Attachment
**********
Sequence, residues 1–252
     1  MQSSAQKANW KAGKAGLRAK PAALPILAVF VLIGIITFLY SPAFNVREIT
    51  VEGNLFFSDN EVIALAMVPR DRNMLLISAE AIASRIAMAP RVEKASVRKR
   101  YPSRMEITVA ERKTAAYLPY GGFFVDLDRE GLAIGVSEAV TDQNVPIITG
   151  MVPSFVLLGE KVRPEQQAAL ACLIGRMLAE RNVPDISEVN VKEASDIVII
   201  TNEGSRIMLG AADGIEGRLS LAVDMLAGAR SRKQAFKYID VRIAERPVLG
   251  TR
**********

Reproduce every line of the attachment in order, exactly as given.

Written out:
Sequence, residues 1–252
     1  MQSSAQKANW KAGKAGLRAK PAALPILAVF VLIGIITFLY SPAFNVREIT
    51  VEGNLFFSDN EVIALAMVPR DRNMLLISAE AIASRIAMAP RVEKASVRKR
   101  YPSRMEITVA ERKTAAYLPY GGFFVDLDRE GLAIGVSEAV TDQNVPIITG
   151  MVPSFVLLGE KVRPEQQAAL ACLIGRMLAE RNVPDISEVN VKEASDIVII
   201  TNEGSRIMLG AADGIEGRLS LAVDMLAGAR SRKQAFKYID VRIAERPVLG
   251  TR